Kafka on the Shore by Haruki Murakami ***

24 September 2013 | ,

Reading dates: 03 – 24 September 2013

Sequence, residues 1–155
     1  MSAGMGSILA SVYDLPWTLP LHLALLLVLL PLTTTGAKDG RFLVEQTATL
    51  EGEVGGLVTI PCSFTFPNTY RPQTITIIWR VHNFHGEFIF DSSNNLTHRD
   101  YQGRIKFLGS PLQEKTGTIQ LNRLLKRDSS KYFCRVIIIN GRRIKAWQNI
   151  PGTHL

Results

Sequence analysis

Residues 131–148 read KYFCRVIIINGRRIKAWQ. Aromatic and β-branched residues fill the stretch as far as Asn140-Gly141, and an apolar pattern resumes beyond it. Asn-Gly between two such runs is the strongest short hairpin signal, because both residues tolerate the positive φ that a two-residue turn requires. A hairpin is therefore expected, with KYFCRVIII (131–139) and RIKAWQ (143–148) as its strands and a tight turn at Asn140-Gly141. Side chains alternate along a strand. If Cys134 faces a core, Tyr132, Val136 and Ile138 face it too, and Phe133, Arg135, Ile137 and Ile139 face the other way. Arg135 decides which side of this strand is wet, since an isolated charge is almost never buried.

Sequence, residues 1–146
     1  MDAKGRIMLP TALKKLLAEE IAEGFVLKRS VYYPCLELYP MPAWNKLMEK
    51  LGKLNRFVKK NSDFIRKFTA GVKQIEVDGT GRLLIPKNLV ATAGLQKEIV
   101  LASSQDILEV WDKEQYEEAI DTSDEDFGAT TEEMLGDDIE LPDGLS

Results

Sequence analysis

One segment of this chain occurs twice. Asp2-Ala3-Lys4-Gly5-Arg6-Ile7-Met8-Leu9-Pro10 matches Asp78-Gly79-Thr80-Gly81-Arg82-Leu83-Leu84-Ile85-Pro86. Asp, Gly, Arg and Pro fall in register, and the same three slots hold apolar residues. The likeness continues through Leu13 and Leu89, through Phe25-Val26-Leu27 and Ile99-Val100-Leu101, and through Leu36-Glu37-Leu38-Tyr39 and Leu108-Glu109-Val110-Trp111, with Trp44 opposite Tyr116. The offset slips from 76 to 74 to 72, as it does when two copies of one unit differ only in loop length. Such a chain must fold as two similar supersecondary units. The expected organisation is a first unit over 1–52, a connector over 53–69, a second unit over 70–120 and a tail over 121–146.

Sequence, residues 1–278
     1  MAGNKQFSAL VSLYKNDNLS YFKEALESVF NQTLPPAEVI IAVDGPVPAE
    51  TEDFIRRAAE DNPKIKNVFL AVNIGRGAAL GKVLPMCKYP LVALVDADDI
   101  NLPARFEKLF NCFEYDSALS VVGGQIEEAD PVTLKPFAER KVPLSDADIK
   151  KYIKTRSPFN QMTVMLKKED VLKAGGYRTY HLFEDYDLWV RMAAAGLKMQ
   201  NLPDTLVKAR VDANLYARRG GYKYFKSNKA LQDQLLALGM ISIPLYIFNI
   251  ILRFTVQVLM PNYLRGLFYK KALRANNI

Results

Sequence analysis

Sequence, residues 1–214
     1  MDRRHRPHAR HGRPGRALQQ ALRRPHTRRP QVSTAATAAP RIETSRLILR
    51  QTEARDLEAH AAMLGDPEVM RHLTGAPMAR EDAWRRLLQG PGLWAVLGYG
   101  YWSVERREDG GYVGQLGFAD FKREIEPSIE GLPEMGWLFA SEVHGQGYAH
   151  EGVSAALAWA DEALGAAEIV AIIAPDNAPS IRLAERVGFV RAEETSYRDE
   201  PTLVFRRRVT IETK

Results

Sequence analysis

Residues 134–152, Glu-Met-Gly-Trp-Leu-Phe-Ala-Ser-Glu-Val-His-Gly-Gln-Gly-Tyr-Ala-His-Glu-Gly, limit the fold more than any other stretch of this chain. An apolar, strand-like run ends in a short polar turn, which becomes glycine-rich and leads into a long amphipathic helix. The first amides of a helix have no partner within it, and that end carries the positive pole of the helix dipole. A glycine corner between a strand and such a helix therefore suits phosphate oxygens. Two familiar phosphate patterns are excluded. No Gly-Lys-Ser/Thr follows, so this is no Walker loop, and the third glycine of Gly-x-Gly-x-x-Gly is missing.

I read Kafka On The Shore while in Japan. Without this context, I would not have known what pachinkos are, the significance of Lawson’s, the true smell of ramen or a sense of the geography of the country. I did enjoy the book, at least for the most part. While I liked the parallel stories (like Hard-Boiled Wonderland And The End Of The World), I was not so keen on the teenage angst angle (like in Norwegian Wood). I cannot pinpoint exactly what it is that does not grab me about this novel: perhaps the translation, perhaps that some aspects of the story that are too drawn out, perhaps the unlikeliness of some of its magical realism, perhaps the fact that it does not quite follow through (he could have done more with the Oedipal angle, I think). Murakami sets out on an ambitious enterprise and he has a very well defined style of his own. These two things are very worthy but somehow the whole does not deliver. It might also be a boys’ book, from the high praise of some of my male friends …

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